The new emerging document that deals with housing and development policy is called the Regional Spatial Strategy. This new document sets out the number of private dwellings that must be built in the Fylde Borough over the next five years. The new figure is 341 new homes per annum. The Council will have a significant task on their hands to find enough available land to meet this demand, after such a long period of stagnation in the house building market, this in the main being due to the Governments Moratorium on new house building, which has been in place for a past three years. Potential sites for new homes in the Ward could be the Moorland Road site or a re-submission of the previous applications for the former Greenwoods Farm site at Queensway.

On another note, the recent application relating to a licence to sell alcohol at the proposed late shop on Moorland Road has been withdrawn again. The hearing which was scheduled for Monday the 25th has now been cancelled.

Please note that the next meeting with Ward Beat Officer WPC Joe Jackson will be the 4th July at 7pm in the Pavilion on Hope Street Park

Tuesday, 19 June 2007

Ashton Gardens Gets Final Go Ahead!!!

Fylde Borough Council is delighted to announce the news that it has received a resounding “yes” from the Heritage Lottery Fund for the restoration works to Ashton Gardens.

Following the initial application and grant of £1.436 million, the Council was required to draw up a detailed plan of how the money would be spent – this has now been given the green light and work will commence towards the end of this year.

Cllr John Coombes, Leader of the Council, said: “A lot of work has been done by the Council in conjunction with specialists in both building restoration and landscaping to ensure we have got this far. We have also had a lot of input from members of the community on what they want to see the Gardens look like and how the money should be allocated.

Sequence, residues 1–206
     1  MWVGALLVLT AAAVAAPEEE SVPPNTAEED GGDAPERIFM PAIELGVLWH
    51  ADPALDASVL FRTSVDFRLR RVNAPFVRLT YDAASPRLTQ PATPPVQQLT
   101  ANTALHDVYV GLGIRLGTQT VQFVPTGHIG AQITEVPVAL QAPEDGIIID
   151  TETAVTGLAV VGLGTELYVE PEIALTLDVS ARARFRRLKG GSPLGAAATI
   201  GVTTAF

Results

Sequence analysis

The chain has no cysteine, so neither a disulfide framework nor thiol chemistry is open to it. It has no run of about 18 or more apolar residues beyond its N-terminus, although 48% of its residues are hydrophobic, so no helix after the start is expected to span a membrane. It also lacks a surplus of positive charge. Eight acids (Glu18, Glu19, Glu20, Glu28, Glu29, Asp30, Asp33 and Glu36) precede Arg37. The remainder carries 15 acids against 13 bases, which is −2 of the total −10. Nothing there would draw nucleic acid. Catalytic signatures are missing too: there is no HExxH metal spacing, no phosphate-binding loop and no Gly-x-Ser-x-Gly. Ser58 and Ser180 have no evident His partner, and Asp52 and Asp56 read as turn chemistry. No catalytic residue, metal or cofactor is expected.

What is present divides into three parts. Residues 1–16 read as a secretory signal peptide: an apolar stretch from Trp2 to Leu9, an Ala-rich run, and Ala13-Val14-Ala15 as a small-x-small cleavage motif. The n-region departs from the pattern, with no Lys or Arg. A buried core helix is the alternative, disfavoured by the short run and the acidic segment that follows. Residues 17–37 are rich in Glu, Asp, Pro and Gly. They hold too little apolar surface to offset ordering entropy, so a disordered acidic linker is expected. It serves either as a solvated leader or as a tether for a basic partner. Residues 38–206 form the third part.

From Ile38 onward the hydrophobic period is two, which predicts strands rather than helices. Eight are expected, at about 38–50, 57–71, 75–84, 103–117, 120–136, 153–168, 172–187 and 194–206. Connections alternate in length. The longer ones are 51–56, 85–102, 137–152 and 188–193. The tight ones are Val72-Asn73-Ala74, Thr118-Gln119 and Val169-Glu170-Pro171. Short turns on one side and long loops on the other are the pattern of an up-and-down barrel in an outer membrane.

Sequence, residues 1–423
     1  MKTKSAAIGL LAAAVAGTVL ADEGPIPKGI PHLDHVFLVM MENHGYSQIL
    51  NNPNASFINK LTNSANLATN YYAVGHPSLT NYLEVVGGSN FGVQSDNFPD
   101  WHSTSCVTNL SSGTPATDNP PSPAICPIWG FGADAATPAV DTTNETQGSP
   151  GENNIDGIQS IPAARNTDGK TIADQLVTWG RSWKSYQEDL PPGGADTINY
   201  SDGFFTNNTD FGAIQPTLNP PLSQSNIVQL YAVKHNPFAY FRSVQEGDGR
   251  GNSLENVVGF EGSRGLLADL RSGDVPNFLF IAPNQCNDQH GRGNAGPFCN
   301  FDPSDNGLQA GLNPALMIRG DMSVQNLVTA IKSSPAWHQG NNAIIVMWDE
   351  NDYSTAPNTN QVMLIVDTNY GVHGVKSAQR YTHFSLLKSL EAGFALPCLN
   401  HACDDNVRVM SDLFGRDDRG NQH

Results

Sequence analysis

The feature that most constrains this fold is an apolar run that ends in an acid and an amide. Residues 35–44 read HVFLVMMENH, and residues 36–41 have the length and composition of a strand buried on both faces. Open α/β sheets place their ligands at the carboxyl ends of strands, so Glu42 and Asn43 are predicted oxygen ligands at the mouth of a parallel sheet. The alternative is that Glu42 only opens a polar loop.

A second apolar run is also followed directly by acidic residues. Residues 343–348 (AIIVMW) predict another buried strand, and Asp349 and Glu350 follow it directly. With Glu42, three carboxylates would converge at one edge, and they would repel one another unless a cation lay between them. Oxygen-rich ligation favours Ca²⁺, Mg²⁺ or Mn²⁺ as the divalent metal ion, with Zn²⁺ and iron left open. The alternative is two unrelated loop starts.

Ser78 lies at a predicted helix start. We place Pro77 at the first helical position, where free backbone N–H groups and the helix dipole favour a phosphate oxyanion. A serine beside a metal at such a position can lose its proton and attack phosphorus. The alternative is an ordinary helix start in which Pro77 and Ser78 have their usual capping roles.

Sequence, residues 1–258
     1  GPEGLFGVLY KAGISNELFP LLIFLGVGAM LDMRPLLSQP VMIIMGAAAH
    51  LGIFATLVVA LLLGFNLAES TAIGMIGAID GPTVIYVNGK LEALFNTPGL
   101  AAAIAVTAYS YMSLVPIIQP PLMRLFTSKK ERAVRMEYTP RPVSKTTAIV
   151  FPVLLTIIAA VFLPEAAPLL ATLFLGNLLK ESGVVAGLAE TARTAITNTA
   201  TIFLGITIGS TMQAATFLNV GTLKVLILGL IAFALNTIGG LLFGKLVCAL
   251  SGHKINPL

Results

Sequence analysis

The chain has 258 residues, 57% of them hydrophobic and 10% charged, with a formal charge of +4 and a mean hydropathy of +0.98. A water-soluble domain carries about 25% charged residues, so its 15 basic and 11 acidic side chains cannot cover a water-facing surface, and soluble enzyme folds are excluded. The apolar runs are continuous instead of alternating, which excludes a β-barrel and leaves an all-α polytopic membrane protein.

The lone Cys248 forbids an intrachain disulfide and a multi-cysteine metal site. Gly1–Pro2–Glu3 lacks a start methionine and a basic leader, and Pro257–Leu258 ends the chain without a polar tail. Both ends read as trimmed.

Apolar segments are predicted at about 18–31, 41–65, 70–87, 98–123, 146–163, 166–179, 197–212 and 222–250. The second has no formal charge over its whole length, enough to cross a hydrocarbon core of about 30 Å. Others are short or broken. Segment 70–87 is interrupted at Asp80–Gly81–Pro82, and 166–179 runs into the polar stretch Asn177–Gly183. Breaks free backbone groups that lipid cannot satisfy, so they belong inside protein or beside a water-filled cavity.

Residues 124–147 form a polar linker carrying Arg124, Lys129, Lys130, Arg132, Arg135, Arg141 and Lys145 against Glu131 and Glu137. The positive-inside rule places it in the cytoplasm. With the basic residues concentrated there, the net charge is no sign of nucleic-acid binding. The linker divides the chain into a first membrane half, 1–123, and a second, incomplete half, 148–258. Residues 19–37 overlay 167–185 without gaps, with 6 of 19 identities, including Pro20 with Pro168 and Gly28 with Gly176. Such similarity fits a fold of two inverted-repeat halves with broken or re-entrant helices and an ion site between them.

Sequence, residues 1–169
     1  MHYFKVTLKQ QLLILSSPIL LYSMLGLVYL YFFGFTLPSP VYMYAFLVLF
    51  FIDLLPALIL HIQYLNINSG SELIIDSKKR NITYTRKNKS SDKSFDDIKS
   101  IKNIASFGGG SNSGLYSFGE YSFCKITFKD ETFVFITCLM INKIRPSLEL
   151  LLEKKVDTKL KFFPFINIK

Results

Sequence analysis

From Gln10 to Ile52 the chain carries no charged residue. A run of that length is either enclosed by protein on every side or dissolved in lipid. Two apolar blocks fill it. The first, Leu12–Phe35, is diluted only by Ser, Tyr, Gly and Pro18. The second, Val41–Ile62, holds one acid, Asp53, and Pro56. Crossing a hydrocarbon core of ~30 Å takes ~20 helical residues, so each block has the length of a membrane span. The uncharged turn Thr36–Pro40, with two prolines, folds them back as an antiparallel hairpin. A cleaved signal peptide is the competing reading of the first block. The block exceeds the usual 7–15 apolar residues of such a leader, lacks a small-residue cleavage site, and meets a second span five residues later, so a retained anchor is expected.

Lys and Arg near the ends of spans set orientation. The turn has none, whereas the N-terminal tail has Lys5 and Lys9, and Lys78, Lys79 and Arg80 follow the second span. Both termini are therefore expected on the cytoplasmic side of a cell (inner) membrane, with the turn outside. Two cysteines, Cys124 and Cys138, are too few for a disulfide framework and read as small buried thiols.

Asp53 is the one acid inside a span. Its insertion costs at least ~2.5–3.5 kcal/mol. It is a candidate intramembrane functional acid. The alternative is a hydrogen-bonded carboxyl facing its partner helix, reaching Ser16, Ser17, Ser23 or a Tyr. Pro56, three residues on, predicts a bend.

“As a Council we have an excellent track record on development projects, including the St Annes Square regeneration and I for one am very excited about the potential of Ashton Gardens as a top-flight attraction for visitors and local people. This bid is about people – all people – and it is about restoration and development which celebrates the past and creates a future heritage for the community to be proud of.”

Peter Fellows, Casework Manager for the Heritage Lottery Fund North West, added: "Ashton Gardens is a terrific example of a formal Victorian parkland in a classic British resort town. It is clear that local people are passionate about this gem of a site which continues to be enjoyed by thousands of visitors to the town each year. Today's news is a green light to strengthen the historic qualities of the Gardens and bring visitor facilities up-to-date to ensure the park can be enjoyed by generations to come."

One of the key projects will see the re-siting of the old Ashton Institute to a position between the main gatehouse buildings on St George’s Road. This will form a magnificent entrance to the park, drawing on inspiration from old photos and postcards of the park in its heyday; it will have a natural stone courtyard to the front and there is a plan to turn the building into tearooms.

Historic railings, which were removed for the war effort, will be reinstated on St George’s Road and Clifton Drive North to return a greater sense of grandeur and quality to the main entrances. And improvements will be made to the playground equipment, woodland walks and paths, ponds and horticulture, including the stunning rose garden.